HR Pros Discuss Leadership Development at Annual Roundtable
It takes a while for employees to learn the skills that would make them a good leader—which means that losing one can be a major shakeup for a company, and it can take a long time to find a suitable replacement.
The unexpected death earlier this year of John Williams, co-owner of Gastronomy, Inc., dealt a hard blow to the restaurant group’s family of employees. On top of that grief and sorrow, for human resources director Catherine Burns the loss also highlighted a crisis of leadership development in the company.
Burns discussed Gastronomy’s talent development efforts during the annual Utah Business human resources roundtable, where human resource leaders gathered Tuesday morning to discuss the key issues facing their profession. One hot topic was the strategic value of developing the next generation of leaders within companies.
“Change happened when our owner died suddenly,” Burns said. She noted that Gastronomy has a lot of people over the age of 55 who are in top positions, so the company has been “strategically identifying” younger people in the organization who can be given additional responsibilities to help them grow as leaders. “We’re working with them to turn them into the next generation of company managers,” she said.
Other human resource executives talked about the challenge of turning skilled technicians and subject-matter experts into managers and leaders.
“Most of the talent we’re bringing in—our professors, our researchers—are experts in those fields, but not necessarily in managing people,” said Jeff Herring, chief human resources officer for the University of Utah. So the university has to train and develop that talent, he said, “to give them the tools, the skills, get the barriers out of the way for them to then be able to effectively manage the people. … It’s really provided us an opportunity to bring a leadership development program in for that certain segment of individuals, and to try and grow that talent from within as well.”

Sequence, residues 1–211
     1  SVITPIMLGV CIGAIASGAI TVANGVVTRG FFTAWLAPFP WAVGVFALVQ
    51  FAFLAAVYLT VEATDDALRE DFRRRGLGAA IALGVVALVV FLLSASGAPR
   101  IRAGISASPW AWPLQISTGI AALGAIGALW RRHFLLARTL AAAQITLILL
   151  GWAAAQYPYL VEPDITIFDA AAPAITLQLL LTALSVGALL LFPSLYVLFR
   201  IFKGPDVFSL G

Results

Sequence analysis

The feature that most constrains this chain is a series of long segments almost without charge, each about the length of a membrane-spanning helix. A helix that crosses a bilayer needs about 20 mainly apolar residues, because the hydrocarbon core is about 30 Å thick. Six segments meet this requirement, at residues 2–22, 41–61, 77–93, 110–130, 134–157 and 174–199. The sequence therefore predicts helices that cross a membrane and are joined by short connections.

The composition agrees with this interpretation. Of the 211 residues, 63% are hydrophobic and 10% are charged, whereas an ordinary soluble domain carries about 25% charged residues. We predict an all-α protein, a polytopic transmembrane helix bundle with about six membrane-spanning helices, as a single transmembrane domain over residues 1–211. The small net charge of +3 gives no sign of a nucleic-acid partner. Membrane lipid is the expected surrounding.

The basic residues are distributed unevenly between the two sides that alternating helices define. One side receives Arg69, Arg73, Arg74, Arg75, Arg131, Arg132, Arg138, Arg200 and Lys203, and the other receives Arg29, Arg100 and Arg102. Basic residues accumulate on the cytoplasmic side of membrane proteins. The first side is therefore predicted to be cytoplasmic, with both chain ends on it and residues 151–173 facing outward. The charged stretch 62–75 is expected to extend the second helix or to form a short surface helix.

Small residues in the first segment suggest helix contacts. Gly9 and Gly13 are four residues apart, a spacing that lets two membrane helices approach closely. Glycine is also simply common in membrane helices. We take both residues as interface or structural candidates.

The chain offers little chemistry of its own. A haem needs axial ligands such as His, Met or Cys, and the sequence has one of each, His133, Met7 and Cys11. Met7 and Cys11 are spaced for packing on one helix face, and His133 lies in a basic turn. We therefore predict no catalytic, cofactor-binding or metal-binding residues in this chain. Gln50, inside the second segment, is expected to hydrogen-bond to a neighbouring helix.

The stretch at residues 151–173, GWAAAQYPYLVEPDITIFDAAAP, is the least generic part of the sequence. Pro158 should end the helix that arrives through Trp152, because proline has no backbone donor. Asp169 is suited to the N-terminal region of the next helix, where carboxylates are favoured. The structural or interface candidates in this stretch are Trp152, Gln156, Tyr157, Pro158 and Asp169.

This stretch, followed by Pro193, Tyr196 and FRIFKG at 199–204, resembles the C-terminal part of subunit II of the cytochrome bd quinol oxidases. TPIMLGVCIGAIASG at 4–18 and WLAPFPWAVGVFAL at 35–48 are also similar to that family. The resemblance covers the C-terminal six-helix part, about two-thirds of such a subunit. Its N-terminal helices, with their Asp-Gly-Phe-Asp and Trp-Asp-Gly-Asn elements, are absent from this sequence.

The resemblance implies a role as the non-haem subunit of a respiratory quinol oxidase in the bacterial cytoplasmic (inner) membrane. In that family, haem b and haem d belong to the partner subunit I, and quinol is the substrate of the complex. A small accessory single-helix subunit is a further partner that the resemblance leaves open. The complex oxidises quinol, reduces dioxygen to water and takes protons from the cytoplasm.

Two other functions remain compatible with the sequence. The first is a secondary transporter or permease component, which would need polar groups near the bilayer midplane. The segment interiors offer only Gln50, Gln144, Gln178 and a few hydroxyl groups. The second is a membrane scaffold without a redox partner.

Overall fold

Leadership development is a strategic function of human resources that provides positive value to companies, said Ben Graham, vice president of HR and safety for Major Drilling International.
“We work in a very blue-collar industry, and we fall victim to the process of promoting our best technical people,” he said. “That’s where HR has to own that process, because that’s what we do. The transactions we process for health insurance and for all things other things … don’t really add value to the business. They have to be done; we have to do it … but it’s really in developing our people. And that’s where we can prove any kind of value to the company, and not just be a cost center, but really be a development point.”
Dan Walker, vice president of human resources for Clyde Companies, Inc., said it’s important to give everyone a chance to test their leadership mettle.
“We have a very formal strategic approach to succession planning; you have to know who’s going to be moving into those retiring boomers’ [positions],” he said.
“One of the strategies we’re pursuing this year and into next year is [offering] career development for all. … Instead of identifying those who we think have the potential to grow, we give everybody the chance to tie into our Clyde University environment and find out what your potential is. You might not always know where you’re headed. You don’t know. You might be tapped on the shoulder and asked to do something that wasn’t in your thought process. So we tried to create a pyramid approach that allows every single person to tap in to develop themselves, in partnership with their manager, so they can be ready for whatever assignment they have the opportunity to take on.”
You can read the full discussion, which covered topics from non-compete agreements to workplace violence, in the October issue of Utah Business.